Wednesday, March 28, 2012

Where's my car?.....Oh...I sold it in 1964?

I'm not a car man, but there are exceptions.

1939 Chevy.....Really!!!

My wife and I went to a car show a few weeks ago.  My original purpose was to find a 1959 Austin Healy Sprite.   I had a special place in my heart for that model car.

You see ... I did not have a drivers license when I purchased the little sports car.  I figured that the only way I would ever get my license was to buy a vehicle I would enjoy driving.

It wasn't long before I had my Connecticut drivers license and I was cruising the back roads of Fairfield County with the wind blowing through my flattop haircut as I drove by Helen Keller's house and honked my horn and waved. I was single and not dating. Helen was single and I knew she wasn't seeing anyone.  Life was good.

Winter arrived and with it came frozen slider windows.  1959 Sprites did not have doorhandles on the outside of the car.  I couldn't get into my car unless I took the convertible top off. Not suggested during a freezing rain.
The lost Austin Healy  Sprite. (bugeyes)
Note: No door handles

I had to sell it.  I bought a VW bug but I still have fond memories of driving the back roads and honking at Helen. (beep!...beep!)

My car show experience made me realize that they don't make cars like that any more.
Back then, cars were sturdy and beautiful.  They had character and personality. The most popular  cars seem to be from the 1950's.   The Chrysler products had huge vertical fins and push button shifting on the steering wheel. Ford had horizontal fins, Chevy had vertical fins and later switched to horizonal fins on some models.

All the cars of this era had a rather spacious back seat. It could hold three people vertically with comfort.  It could hold two people, preferably male and a female quite nicely from the horizontal posture.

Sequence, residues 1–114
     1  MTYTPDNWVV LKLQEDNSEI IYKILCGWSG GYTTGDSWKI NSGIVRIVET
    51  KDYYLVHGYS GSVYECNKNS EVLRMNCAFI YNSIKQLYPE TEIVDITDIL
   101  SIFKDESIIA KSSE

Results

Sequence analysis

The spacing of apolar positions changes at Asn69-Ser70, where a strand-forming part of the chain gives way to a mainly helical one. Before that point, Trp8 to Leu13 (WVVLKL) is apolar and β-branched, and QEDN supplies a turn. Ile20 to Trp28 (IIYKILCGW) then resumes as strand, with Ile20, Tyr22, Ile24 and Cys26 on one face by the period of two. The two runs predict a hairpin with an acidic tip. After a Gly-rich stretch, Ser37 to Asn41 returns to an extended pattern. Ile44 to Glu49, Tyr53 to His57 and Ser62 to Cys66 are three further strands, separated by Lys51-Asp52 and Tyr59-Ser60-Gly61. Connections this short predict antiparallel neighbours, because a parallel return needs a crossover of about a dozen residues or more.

Songs were sung about these Cars and they were hit songs. remember "Beep, Beep?" How about "409" by the Beach Boys? "I get around? Little Deuce Coupe?"

There were numerous 1955 and 1957 Chevies.  The Fords of that era seemed to be very popular also.  I saw several Ford Skyliners.  These were retractable hardtop convertibles.

Ford Skyliner w/continental kit

Old Caddy
I didn't find my car, but I found some memories.  The amazing thing about the experience was that I could name off types of cars that I recognized. I was spewing facts like I was the editor of "Motor Trend magazine." I still know a 55 Chevy when I see one.

Remember the movie "American Graffiti"?  That was my life.  I thought my life was very much like the movie.  I could have played Ron Howard's part or even Richard Dreyfuss's part, possibly even Harrison Ford's role.
My wife kinda agrees with me.  She says I could have played "Terry the Toad" Field who was played by that great American actor, Charles Martin Smith. A sample of his fine work here.  My wife says I could play that role with my eyes closed. She says I was born for this part.

Now all the cars look like clones of each other.  I am not sure what kind of smelly big car we drove home in.
Huh....What?...... The little French Lady told me it was a city bus.

Alrighty then!!!


  1. You didn't find a little Nash Rambler? (Beep, beep...) That was a George Romney car.

  2. Omigawd...that was the question *I* was going to ask! The 1953 Nash Rambler is still Walt's favorite car.

  3. It’s a little sad that you weren’t able to find your car there. But what matters most is the experience of seeing those different classic cars. The beauty of those old classic cars will never fade, and it must have been quite an experience for you to see all those restored to their former glory!

  4. Vintage cars certainly have that special character that sets them apart from the others. They're epic, stunning, and sometimes funny. As a matter of fact, vintage cars are becoming rare today which why they are considered priceless. These types of cars are sometimes auctioned with an astounding price.